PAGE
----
Motorola Edge: Cameras

The cameras provided here on Motorola Edge are one of the areas where Motorola has trimmed back from Motorola Edge Plus. The Motorola Edge has a 64-megapixel main camera instead of the 108-megapixel sensor seen on the Plus and the Galaxy S20 Ultra. A 16MP ultra wider viewing camera, an 8MP telephoto zoom lens with such a 2x optical zoom, or a time-of-flight sensor round out the optics.

The issue isn’t that the Motorola Edge has less powerful optics than Edge Plus; you have to accept certain compromises in exchange for the $300 savings. Rather, the issue is that the Edge produces the same lackluster photographs as the Edge Plus. Especially in comparison to what the top camera phones can produce.


When snapping a picture of waffles and sausage indoors, it Motorola Edge performed significantly better. The Edge offers a balanced shot even with light flowing in from a nearby window, allowing you to pick out little details such as the seeds here on strawberries or the char here on sausage links. The colors on the Pixel 4 XL’s image are warmer, and the cutlery remains in focus, however, the Motorola Edge’s output is quite acceptable.

The Motorola Edge would do a decent job catching a sunset at the nearby harbor as the light fades. You will really appreciate the way Motorola’s phone captures the purple and pink hues of the distant sky.

Night Vision

Moto Edge’s Night Vision, on the other hand, struggles to focus on the cuddly animals bathed in unforgiving blue LED lighting. The borders of each plush animal appeared blurry, and the background features were hardly visible. Google Pixel 4 XL’s efforts aren’t much better, but at least the color is constant and the silhouettes of each individual animal can be seen. The background plants are also not as blurry as they are in Motorola Edge’s shot.

Motorola Edge Wide Camera

Pulling back, using iPhone 11 Pro Max’s wide-angle allows you to have more of the black bear cage than you could with the Motorola Edge’s super wide camera’s 117-degree vision. The same focus issue that plagued the Motorola Edge in previous images is visible here, but to be fair. Even iPhone tries to maintain the bears in the distance in focus.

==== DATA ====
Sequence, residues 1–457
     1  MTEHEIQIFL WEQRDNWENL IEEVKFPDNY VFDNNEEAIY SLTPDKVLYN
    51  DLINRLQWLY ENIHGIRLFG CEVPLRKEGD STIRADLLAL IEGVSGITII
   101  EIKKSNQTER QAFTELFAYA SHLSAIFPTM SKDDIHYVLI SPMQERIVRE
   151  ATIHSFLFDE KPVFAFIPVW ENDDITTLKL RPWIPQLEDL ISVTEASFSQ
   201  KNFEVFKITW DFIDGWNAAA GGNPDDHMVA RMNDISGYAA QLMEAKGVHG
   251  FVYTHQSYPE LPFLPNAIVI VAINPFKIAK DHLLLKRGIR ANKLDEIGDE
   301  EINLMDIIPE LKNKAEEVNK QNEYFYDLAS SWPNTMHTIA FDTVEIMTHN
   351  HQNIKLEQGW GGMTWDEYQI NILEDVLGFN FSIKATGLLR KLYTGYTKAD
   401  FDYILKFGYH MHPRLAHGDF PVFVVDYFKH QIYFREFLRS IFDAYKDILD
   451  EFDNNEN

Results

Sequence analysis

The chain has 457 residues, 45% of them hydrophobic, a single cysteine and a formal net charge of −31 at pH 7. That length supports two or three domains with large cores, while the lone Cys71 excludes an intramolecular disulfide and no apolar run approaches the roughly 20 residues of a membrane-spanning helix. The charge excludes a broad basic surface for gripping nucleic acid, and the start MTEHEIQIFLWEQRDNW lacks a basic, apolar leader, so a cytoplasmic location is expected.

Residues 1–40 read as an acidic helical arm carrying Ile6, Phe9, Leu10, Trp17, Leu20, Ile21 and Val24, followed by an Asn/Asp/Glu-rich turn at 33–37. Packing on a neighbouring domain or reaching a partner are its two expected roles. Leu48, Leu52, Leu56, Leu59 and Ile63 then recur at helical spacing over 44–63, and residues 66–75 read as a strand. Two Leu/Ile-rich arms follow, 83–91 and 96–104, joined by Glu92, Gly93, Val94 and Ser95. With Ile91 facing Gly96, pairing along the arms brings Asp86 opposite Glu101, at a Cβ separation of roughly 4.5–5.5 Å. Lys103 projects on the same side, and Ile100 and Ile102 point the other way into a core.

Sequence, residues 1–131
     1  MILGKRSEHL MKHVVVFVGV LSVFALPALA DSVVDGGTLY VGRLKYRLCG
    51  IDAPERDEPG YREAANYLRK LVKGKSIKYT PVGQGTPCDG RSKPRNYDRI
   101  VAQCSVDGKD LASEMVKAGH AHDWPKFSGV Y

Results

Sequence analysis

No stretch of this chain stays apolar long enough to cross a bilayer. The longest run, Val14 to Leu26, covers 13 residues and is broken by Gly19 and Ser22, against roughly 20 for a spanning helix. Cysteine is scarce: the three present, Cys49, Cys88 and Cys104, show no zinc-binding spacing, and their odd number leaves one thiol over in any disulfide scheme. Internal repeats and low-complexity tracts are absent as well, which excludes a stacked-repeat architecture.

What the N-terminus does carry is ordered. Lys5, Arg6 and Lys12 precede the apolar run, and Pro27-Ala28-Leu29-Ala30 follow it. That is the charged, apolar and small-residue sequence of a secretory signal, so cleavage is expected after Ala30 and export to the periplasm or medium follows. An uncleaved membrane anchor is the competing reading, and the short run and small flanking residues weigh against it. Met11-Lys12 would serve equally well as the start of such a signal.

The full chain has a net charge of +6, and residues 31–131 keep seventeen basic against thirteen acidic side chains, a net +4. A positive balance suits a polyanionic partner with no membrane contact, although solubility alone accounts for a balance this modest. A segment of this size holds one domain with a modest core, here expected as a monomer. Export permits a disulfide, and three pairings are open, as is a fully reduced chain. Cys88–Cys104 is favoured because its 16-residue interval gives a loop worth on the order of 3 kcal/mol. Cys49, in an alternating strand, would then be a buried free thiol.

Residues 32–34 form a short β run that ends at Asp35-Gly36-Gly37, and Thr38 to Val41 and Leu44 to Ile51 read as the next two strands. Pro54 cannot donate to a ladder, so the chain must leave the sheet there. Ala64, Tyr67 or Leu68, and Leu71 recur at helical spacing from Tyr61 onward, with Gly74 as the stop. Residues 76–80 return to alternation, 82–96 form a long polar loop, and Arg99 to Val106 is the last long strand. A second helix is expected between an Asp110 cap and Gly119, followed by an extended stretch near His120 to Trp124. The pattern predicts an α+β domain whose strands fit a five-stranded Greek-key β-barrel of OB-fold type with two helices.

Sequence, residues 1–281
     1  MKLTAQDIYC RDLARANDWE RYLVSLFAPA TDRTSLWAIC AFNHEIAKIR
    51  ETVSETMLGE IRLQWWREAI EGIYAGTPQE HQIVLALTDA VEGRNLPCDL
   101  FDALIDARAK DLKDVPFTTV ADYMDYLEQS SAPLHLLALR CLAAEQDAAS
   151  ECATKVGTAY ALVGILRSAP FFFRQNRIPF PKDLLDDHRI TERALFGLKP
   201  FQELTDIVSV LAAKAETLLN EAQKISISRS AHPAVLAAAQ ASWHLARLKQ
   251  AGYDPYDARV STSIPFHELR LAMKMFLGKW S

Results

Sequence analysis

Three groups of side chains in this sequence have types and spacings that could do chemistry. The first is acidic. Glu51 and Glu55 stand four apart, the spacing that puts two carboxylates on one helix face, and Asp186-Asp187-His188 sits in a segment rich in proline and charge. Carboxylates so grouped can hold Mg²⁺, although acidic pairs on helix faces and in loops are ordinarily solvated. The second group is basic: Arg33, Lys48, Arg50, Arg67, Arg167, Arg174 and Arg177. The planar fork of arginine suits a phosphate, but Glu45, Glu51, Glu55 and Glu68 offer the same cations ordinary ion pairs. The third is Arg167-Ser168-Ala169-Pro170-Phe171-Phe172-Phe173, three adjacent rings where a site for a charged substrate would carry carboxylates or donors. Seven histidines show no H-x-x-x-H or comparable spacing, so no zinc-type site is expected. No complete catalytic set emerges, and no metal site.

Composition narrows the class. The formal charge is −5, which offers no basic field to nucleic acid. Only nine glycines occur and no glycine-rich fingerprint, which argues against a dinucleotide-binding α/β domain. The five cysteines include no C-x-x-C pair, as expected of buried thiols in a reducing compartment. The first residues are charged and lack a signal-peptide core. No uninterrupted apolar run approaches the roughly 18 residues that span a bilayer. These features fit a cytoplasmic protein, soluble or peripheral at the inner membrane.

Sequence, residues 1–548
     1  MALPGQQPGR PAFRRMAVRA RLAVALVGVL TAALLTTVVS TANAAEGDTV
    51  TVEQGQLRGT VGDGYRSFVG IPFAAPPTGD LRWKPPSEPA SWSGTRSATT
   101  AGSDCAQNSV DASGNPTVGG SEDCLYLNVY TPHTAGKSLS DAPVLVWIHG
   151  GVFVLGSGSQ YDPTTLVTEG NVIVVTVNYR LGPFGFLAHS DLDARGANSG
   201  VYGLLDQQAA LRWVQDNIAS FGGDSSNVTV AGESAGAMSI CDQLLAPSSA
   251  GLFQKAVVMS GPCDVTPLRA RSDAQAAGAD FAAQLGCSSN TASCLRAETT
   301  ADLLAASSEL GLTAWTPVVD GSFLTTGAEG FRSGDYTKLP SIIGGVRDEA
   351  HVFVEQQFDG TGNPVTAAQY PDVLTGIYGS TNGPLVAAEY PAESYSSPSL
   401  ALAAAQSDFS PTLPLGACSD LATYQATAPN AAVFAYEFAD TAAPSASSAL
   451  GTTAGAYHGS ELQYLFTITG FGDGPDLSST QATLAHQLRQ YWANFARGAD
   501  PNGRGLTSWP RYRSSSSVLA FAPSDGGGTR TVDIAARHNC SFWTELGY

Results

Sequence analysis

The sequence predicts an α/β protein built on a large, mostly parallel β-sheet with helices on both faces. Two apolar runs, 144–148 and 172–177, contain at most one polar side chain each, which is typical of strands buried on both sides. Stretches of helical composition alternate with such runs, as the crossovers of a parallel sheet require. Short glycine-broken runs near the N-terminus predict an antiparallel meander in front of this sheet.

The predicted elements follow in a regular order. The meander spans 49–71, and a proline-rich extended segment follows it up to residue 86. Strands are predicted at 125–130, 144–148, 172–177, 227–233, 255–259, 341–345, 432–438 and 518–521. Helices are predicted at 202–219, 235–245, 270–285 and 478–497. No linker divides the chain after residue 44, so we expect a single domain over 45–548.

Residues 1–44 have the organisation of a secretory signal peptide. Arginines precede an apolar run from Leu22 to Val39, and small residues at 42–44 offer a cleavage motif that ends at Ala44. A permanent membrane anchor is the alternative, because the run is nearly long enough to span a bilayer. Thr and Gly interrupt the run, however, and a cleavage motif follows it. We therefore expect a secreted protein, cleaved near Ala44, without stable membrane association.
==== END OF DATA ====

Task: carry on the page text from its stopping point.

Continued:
The Motorola Edge’s time-of-flight sensor aids in the creation of good-looking portrait shots. . You believe it is a better shot overall, with a more stylistic blur. That Motorola Edge also makes fantastic use of the shadow cast by light flowing in from the left to draw attention to details on the person’s right side of the face.


This self-portrait taken with Motorola Edge’s 25MP selfie camera isn’t awful either, however, the background blur obscures the left part of my beard. Though you enjoy the way the Pixel 4 XL scaled back the hue, although if Google’s phone got a touch overzealous with smoothing out the skin, the ruddiness of the complexion in the Edge’s photo is probably more accurate. Despite the fact that the Edge’s back cameras struggled to capture strong colors. The phone’s face camera accurately captured the green of the baseball cap.



The Motorola Edge, but unlike Edge Plus, uses the strong Snapdragon 865 chipset. It uses the Snapdragon 765 and has less processing capability. It’s a cost-cutting measure that allows the phone to still give 5G connectivity. A Snapdragon 765 system-on-chip has a 5G modem. It’s a processor that’s found on a number of phones that would like to offer 5G without charging a lot of money.

The good news is that switching here to Snapdragon 765 rather than the 865 isn’t a huge deal. Yes, there is a significant difference in raw performance. The Motorola Edge’s multicore score of 1,867 here on Geekbench 5 general performance is well behind Edge Plus’s 3,350. However, in the kind of day-to-day work that so many people use their phones for, you won’t notice. The Motorola Edge runs all except the most processor-intensive applications admirably.

Graphics on higher-capable

On the Motorola Edge, even the most demanding apps work smoothly. There aren’t any lags and game-altering stutters while playing PUBG Mobile on the phone. The graphics on higher-capable phones are a touch sharper, but the gameplay was more than adequate. This only gripe is that it was difficult for them to flip the avatar. We attribute this to the phone’s curved edges, which you believe to increase the possibility of unintended touches.